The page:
Jazz Reviews : Pianist Marcus Roberts Makes His Local Debut
On a temporary leave of absence from the Wynton Marsalis Quintet, the widely praised 25-year-old pianist Marcus Roberts made his local debut as a leader Thursday at the Vine Street Bar & Grill, heading his own acoustic quintet.
Like Marsalis, Roberts has elected to pattern himself along the lines of the 1960s hard-bop groups, using mostly conventional instrumentation and material, with trumpet, saxophone, bass and drums for company.
If Roberts has not yet found a strongly individual route to follow, he compensates through his often ingenious incorporation of a variety of early keyboard styles.
Three pervasive elements of the set were the blues, John Coltrane and Thelonious Monk. Of the six tunes, four had a blues basis, beginning with Roberts’ own “Country by Choice,” continuing with Monk’s “Blue Bolivar Blues” and ending with the quirky “Raise Four.” A Todd Williams original entitled “For Coltrane” (also a blues) showcased well-crafted soprano and tenor sax solos by Herbert Harris III, whose other feature, “I Wish I Knew,” is a 1945 pop song best known through Coltrane’s recording.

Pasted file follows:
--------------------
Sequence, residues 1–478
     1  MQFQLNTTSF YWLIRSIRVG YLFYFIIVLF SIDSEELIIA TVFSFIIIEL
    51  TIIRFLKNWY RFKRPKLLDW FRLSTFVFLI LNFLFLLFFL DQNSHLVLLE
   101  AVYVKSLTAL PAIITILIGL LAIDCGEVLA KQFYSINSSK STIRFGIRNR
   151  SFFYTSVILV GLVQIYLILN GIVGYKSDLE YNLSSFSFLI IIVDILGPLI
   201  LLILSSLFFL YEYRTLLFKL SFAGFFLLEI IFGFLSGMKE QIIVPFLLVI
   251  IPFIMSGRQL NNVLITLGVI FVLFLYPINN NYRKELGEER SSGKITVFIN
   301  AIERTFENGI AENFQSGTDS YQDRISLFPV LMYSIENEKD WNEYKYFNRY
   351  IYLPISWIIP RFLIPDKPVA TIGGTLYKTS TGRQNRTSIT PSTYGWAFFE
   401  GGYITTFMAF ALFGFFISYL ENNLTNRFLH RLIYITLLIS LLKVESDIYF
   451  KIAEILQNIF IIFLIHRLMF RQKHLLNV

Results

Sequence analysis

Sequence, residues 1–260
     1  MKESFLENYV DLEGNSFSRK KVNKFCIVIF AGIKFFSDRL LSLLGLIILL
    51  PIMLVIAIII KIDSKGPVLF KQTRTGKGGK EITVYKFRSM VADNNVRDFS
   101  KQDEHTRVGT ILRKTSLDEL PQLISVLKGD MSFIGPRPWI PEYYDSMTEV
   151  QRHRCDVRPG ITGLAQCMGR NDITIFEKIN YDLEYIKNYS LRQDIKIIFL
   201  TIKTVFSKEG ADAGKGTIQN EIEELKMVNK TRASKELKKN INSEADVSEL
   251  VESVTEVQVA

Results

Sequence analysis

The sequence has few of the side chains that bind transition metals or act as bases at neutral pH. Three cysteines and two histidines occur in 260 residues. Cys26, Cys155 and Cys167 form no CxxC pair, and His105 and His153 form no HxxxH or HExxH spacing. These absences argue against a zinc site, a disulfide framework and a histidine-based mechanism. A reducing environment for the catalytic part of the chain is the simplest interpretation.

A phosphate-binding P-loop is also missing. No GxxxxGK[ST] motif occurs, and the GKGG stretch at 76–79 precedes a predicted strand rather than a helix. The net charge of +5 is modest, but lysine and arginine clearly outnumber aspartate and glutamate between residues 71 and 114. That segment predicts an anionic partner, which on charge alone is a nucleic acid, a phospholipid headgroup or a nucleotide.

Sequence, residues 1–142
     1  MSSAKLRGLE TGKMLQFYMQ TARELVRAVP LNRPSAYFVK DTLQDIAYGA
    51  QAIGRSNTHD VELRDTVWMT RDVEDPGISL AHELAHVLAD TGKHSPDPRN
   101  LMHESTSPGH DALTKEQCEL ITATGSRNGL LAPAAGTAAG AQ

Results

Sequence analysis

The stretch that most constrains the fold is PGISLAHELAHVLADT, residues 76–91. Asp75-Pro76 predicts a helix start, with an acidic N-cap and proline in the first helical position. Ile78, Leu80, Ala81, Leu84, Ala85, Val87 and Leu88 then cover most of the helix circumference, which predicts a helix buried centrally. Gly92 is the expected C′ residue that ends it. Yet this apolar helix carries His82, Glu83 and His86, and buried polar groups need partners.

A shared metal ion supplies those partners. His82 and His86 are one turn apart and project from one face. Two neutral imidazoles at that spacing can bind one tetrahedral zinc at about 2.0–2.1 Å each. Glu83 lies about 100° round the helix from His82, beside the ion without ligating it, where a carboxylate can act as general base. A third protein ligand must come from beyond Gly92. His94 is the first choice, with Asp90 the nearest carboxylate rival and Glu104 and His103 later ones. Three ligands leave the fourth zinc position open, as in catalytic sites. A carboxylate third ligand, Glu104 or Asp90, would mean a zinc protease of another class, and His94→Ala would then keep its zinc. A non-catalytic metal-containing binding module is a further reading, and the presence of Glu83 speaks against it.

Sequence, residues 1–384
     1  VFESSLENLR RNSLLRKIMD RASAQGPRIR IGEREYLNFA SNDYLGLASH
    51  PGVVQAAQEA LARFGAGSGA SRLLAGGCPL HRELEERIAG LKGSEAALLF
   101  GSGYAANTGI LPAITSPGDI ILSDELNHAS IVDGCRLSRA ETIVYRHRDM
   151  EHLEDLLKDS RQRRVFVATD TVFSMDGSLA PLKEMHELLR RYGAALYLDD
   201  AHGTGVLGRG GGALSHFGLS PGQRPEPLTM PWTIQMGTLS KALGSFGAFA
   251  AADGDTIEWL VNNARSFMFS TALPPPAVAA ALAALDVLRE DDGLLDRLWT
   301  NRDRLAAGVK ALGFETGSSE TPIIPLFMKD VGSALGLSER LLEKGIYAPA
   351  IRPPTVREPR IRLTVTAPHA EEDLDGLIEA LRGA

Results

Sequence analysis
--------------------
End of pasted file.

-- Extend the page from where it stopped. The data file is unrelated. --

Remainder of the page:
Completing the group were the capable Scotty Barnhart on trumpet, and two young musicians from St. Louis, Maurice Carnes on drums and Chris Thomas on bass. The latter pair had a little trouble establishing the steady, sympathetic pulse that could have given the rhythm section a fuller measure of cohesion.
Surprisingly, only the opening “Country by Choice” was excerpted from Roberts’ successful debut album. He would be well-advised to use more items from that diversified collection. We bow to no one in our admiration for the blues, but isn’t four of six a trifle excessive?
Roberts closes Sunday.